A career change can significantly impact an individual’s mental health, both positive and negative, depending on various factors. Here are some ways in which a career change can influence mental health.
Some of the positive impacts of our career change
- Increased satisfaction. If the career change aligns better with an individual’s passions, skills, and values, job satisfaction and a sense of purpose can increase. This can positively impact mental well-being.
- Reduced stress. Transitioning to a career that is a better fit can reduce work-related stress and burnout. A more suitable job can lead to a healthier work-life balance and improved mental health.
- Enhanced confidence: Successfully navigating a career change can boost self-esteem and confidence. Overcoming challenges associated with change can contribute to a sense of accomplishment.
- New opportunities. A career change can open up new opportunities for growth, skill development, and learning. The excitement of learning new things can have positive effects on mental health.
The possible negative impact of our career change
- Uncertainty and anxiety. Career changes often involve stepping into the unknown, which can trigger feelings of uncertainty and anxiety. The fear of the unknown and concerns about job stability can contribute to stress.
- Financial concerns. If the career change involves a decrease in income or a period of unemployment, financial stress can impact mental well-being.
- Identity and self-worth. Our careers are often tied to our sense of identity and self-worth. A career change might lead to feelings of identity crisis or questioning one’s value, especially if the change involves a shift away from a long-held profession.
- Social pressure. Societal or familial expectations related to career choices can lead to pressure and guilt when making a career change. This can impact mental health by causing inner conflict and stress.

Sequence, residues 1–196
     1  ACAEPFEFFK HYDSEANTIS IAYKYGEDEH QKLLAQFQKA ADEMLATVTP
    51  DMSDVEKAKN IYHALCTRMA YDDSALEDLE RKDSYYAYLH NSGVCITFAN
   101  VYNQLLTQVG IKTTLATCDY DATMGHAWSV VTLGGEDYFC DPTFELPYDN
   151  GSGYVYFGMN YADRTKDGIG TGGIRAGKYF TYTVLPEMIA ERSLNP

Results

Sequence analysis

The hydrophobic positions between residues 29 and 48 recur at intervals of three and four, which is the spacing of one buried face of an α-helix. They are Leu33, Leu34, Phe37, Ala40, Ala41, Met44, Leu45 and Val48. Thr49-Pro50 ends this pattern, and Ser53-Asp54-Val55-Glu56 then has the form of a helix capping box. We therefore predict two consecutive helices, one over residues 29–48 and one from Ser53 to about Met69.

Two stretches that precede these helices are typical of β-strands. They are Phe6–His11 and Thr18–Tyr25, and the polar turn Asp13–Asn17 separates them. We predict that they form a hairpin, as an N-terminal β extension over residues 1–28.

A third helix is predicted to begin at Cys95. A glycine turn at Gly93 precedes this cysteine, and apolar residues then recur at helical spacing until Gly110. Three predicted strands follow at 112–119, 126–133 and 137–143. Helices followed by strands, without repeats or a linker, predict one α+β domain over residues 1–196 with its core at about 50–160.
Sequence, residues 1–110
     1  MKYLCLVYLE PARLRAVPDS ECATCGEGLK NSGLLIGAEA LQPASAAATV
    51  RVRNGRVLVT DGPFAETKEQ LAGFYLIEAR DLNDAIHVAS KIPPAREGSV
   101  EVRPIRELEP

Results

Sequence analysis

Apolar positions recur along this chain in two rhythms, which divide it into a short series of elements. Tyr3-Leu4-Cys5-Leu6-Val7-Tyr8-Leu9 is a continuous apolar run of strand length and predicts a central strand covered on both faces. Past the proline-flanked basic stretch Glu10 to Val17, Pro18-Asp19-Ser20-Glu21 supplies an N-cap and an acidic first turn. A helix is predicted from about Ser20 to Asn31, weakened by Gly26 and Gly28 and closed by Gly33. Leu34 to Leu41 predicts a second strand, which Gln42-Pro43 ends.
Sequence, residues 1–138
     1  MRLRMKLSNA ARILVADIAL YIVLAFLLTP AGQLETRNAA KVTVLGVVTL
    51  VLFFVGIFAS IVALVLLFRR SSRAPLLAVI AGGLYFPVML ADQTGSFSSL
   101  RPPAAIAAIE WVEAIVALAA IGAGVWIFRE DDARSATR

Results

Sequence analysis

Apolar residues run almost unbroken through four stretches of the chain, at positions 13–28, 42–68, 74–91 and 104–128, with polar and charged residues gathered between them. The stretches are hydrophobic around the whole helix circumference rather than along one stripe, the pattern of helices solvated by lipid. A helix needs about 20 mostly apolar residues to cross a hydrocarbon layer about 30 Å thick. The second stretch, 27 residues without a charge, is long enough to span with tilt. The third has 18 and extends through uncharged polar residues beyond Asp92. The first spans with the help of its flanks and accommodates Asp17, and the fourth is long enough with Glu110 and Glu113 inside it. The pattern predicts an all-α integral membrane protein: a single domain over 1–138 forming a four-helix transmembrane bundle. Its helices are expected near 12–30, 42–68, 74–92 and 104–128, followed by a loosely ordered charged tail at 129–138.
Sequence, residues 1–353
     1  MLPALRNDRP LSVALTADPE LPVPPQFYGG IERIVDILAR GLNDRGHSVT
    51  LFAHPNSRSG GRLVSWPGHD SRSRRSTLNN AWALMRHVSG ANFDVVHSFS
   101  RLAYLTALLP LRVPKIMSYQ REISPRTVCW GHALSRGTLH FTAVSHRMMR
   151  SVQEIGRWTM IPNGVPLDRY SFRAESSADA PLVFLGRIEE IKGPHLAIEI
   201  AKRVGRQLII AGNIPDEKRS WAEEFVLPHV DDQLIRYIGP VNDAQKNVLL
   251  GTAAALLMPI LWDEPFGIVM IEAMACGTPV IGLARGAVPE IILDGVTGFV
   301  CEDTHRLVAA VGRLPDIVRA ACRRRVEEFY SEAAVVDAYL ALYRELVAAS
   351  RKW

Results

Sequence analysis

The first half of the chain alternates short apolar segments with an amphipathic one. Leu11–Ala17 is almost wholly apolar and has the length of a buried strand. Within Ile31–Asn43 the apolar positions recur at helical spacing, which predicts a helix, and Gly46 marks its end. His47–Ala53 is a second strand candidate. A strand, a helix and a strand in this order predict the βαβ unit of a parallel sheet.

- Loneliness and isolation. A career change might involve leaving behind a familiar workplace and colleagues, leading to isolation in a new environment.
Tips for managing mental health during a career change
- Plan ahead. Carefully plan your career change, considering the financial implications and potential challenges. Having a solid plan can reduce anxiety and uncertainty.
- Seek support. Talk to friends, family, or a therapist about your career change plans and the emotions you’re experiencing. Emotional support can help alleviate stress.
- Practice self-care. Prioritise self-care activities such as exercise, meditation, spending time with loved ones, and engaging in hobbies that bring you joy.
- Set realistic expectations. Understand that a career change might come with challenges. Setting realistic expectations can help manage disappointment and frustration.
- Stay flexible. Be open to adjustments along the way. Not every aspect of the career change might go as planned, but being adaptable can help reduce stress.
- Focus on skills. Emphasise the skills and experiences you’ve gained from your previous career. These can be valuable assets in your new role.
- Professional help. If the stress and anxiety become overwhelming, consider seeking professional help from a therapist specialising in career transitions and mental health.
Remember that a career change is a significant life decision, and it’s normal to experience a range of emotions throughout the process. Taking steps to prioritise your mental health during this time is crucial for a successful and fulfilling transition.
Dina Relojo is the social media manager of Psychreg. She is a high school teacher from the Philippines.
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